You know how taking small doses of a psychedelic drug every few days is all the rage among a certain set of affluent types with good drug dealers? See: Ayelet Waldman’s book, A Really Good Day: How Microdosing Made a Mega Difference in My Mood, My Marriage and My Life.
A new study suggests that all the hype about microdosing might be more hype than reality. Researchers in London undertook the largest-ever placebo-controlled study of microdosing, and it suggests that all the creativity, uplift, and cognitive improvements may be a placebo effect.
The study’s design is creative, as is essential when studying a black-market psychedelic: Researchers found 191 people who were already microdosing, and then had them mix placebos in with their doses, without knowing which were which (the doses were barcoded). Participants took the pills for four weeks while undergoing cognitive testing and tracking their experiences, including feelings, mood, energy, creativity, and anxiety.
The psychoactive drug takers reported big benefits to their psychological well-being—but so did the placebo takers. “These findings suggest that the benefits are not due to the drug, but rather due to the placebo-like expectation effects,” said lead author Balázs Szigeti, a research associate at Imperial College London, U.K., in a news release.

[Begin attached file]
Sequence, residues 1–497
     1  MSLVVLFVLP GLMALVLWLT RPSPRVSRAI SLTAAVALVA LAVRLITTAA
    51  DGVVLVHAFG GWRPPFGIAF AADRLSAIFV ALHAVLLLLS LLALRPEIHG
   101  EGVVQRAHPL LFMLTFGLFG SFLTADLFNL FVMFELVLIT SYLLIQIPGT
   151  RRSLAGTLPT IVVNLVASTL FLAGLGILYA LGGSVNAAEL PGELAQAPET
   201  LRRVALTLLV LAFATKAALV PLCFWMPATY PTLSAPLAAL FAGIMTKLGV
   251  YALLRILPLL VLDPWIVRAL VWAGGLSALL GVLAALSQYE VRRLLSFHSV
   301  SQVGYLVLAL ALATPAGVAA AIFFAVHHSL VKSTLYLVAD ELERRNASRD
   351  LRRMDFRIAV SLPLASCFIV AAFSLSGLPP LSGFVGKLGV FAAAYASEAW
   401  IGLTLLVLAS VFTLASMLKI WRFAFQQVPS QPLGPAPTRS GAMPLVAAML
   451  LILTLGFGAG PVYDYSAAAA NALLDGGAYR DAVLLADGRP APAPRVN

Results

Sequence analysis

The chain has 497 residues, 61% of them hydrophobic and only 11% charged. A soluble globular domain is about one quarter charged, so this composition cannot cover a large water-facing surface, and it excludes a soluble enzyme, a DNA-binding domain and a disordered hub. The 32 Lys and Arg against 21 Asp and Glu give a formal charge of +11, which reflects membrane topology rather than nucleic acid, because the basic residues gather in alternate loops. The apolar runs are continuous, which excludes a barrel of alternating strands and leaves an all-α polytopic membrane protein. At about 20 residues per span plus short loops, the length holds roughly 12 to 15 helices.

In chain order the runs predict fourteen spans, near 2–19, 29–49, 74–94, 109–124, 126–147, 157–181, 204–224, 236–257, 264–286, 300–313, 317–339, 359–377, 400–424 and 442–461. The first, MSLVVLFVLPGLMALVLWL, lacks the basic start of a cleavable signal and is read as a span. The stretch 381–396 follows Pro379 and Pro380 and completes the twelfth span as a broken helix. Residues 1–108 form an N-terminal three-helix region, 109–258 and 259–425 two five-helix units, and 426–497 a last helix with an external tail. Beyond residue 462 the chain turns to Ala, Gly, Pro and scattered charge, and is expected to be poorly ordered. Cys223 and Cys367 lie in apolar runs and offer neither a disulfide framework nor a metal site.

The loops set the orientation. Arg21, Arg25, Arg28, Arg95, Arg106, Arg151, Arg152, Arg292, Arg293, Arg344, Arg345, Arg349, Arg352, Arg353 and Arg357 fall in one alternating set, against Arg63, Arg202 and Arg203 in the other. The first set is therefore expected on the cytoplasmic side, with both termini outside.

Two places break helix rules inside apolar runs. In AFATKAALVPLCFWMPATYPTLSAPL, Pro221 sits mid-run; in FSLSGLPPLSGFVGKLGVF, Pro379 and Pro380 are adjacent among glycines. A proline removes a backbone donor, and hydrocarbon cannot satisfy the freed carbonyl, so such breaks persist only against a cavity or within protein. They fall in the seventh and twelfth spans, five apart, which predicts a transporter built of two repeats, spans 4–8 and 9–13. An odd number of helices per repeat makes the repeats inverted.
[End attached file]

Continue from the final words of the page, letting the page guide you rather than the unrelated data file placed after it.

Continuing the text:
This was news to the microdosers. “Many participants who reported that they experienced positive effects while taking the placebo were shocked to learn after the study that they hadn’t been taking the real drug,” Szigeti added.
This finding is not a definitive answer—participants provided their own psychedelics, which negates any apples-to-apples comparisons of participants—but the results do raise doubts as to whether microdosing benefits most people. (It is conceivably possible that microdosing is very impactful on some, but not others.) Stay tuned for more research.